Karate Combat’.

A final word on ‘Karate Combat’, a new franchise/business/media phenomena developed in 2018. An unashamed crossover between sport and showbiz, whose founders credit the emergence of ‘Cobra Kai’ as contributing to their ‘timely’ success.

My view is that if you stick around long enough the same ideas roll round time after time. This same idea was happening in the 1970’s; the American version at that time made stars of Benny ‘the Jet’ Urquidez and Bill ‘Superfoot’ Wallace. This is almost the same, only packaged for the ‘Mortal Kombat’ generation, with all the modern digital glitz.

It is interesting what COO/President of Karate Combat Adam Kovacs has to say about his product: “This is something that karate itself has been kind of crying out for in a way, because anyone with a background in karate beforehand would have only had the option to switch to mixed martial arts, whereas now if they want to fight full contact they can put their years of training to the test at the highest level….We think we are not only doing a favour to karate but also to the entire martial arts community who have grown tired of the copycats because pretty much every single one of these other promotions are trying to copy what the UFC is doing”. [3]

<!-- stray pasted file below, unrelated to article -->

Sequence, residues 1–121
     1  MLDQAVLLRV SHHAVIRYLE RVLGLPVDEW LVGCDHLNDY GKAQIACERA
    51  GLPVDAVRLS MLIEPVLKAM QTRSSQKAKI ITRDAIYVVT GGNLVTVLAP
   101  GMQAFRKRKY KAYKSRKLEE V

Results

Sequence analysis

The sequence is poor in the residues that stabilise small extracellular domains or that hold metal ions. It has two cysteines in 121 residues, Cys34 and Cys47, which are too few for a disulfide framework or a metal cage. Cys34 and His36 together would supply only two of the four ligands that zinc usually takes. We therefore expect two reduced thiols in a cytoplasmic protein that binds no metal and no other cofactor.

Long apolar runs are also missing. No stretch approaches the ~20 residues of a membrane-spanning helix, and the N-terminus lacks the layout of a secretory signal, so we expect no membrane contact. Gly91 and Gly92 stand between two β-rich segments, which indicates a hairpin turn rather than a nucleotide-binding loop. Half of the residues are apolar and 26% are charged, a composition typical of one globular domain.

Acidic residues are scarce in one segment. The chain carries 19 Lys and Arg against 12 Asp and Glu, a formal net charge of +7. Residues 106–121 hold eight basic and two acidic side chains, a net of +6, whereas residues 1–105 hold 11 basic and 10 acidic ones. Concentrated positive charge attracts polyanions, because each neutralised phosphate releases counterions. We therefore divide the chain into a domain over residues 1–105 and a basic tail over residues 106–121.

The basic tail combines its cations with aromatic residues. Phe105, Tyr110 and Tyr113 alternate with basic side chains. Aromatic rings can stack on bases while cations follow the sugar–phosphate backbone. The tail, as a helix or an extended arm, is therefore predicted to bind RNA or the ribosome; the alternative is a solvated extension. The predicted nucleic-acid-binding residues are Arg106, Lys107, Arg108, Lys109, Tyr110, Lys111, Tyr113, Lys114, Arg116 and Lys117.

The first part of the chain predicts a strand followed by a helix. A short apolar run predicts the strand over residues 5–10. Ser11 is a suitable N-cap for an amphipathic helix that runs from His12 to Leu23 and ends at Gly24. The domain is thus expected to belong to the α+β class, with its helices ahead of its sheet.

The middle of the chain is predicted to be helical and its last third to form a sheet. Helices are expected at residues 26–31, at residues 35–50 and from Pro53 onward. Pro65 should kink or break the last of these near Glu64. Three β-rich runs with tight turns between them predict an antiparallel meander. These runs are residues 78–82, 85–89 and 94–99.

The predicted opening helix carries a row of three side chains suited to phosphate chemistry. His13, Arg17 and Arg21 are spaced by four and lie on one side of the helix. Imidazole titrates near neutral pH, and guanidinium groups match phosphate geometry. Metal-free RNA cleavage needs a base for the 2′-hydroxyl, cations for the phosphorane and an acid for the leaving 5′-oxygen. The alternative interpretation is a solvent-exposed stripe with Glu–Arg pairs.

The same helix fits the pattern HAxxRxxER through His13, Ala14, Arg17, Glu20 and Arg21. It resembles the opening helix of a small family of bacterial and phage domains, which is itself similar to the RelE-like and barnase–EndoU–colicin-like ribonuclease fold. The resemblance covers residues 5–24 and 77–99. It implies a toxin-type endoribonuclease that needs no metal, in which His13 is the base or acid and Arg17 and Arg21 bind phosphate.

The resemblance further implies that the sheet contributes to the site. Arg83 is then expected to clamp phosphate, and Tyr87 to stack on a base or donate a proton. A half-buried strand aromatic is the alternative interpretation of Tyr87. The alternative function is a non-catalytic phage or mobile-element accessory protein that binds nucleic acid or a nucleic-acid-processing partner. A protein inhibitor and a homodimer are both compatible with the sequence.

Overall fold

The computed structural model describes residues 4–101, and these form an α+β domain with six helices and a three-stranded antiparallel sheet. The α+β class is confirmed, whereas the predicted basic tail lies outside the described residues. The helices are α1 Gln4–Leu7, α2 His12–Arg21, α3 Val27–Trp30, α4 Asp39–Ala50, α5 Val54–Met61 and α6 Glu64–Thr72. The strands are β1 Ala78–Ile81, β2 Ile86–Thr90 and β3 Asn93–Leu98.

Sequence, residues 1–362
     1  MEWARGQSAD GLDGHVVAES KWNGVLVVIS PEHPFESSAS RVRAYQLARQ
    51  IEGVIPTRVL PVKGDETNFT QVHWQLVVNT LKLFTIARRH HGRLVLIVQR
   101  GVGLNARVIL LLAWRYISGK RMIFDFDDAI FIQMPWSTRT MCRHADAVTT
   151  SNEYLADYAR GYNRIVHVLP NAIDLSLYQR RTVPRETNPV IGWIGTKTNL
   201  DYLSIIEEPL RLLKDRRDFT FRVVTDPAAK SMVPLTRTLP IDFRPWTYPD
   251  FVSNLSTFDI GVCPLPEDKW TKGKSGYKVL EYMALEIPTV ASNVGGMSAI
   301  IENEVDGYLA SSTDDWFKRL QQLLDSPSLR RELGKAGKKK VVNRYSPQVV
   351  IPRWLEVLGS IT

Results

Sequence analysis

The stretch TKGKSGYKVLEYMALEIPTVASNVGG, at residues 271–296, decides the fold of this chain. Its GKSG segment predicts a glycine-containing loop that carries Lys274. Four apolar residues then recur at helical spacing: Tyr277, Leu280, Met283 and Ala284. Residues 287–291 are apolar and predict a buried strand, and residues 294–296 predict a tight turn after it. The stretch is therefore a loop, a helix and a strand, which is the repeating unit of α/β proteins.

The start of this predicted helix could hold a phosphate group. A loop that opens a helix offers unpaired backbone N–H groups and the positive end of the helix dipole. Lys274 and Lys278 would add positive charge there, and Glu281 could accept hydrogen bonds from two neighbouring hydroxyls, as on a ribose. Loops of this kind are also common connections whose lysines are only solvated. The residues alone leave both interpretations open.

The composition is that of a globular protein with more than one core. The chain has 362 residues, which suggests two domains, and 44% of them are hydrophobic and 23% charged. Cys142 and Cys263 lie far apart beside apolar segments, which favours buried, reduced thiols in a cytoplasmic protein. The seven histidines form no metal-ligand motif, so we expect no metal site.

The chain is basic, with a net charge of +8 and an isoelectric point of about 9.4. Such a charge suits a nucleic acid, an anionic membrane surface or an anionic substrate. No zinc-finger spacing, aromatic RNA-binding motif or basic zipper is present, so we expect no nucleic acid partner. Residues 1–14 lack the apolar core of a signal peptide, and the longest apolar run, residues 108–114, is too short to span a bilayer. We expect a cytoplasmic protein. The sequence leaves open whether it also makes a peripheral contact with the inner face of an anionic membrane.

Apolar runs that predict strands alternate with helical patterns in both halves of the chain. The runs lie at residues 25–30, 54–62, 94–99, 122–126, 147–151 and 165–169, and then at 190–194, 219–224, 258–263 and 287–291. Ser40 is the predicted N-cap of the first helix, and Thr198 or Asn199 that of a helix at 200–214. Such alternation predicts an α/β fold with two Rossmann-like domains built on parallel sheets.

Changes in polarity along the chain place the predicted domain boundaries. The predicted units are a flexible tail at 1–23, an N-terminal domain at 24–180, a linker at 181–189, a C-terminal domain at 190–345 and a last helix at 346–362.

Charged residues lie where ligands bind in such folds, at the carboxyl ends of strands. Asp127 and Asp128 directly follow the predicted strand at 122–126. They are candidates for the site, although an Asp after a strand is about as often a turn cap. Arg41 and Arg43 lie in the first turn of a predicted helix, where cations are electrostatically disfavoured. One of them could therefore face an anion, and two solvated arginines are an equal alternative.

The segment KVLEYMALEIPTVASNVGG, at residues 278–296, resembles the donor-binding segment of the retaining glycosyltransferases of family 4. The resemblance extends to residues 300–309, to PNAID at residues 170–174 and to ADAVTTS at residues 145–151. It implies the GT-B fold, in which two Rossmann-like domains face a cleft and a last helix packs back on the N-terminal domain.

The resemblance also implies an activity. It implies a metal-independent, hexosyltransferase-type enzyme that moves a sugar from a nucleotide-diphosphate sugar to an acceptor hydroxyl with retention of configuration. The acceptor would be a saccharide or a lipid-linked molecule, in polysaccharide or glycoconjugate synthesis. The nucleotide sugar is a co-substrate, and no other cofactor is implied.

Bear in mind that Kovacs was a successful Hungarian sport karate competitor from 1998 to 2010. I have watched a little of the Karate Combat output, but always come away with the same nagging doubts; particularly, why is it that the fighters have to compromise their technical karate base (if we assume that’s where they came from) to be successful? Even the great modern karate competitor Rafael Aghayev has to depend on the wildest haymaker punches to make it work, to generate the power? [4]. To my mind Aghayev is a full-on class act, but my guess is that in this particular arena he has to resort to the common mode. Maybe it’s not so much a reflection of Karate Combat or Aghayev and the other competitors; perhaps it’s a reflection on the current mode of sports karate?

Like I said at the beginning, I am still working this out, all I can come up with is observations and questions, but no conclusions. But, just where are we going with this? After all, the Olympic karate pony never really got to the starting gate – good thing or bad thing? You can make your own mind up.

Tim Shaw

[1] ‘Martial Arts Journey’. Old school karate link

[2] What is interesting about the examples of ‘old school karate competition’ is that they seem to be mainly from the UK. Look out for Alfie ‘the animal’ Lewis in that very interesting foray where, then karate England manager, Ticky Donovan decided to field a freestyle ‘star’ of his age, as a karate competitor. It didn’t work because Alfie operated in a very different format – I think you can see that in the footage (those of you who can recognise Alfie Lewis).
Also watch, Elwyn Hall, Shotokan KUGB supremo.

Fencing photo credit:

Karate photo credit:

[3] Karate Combat Interview Adam Kovacs quote:

[4] Watch Aghayev’s Karate Combat bouts on YouTube slowed down and you will see what I mean.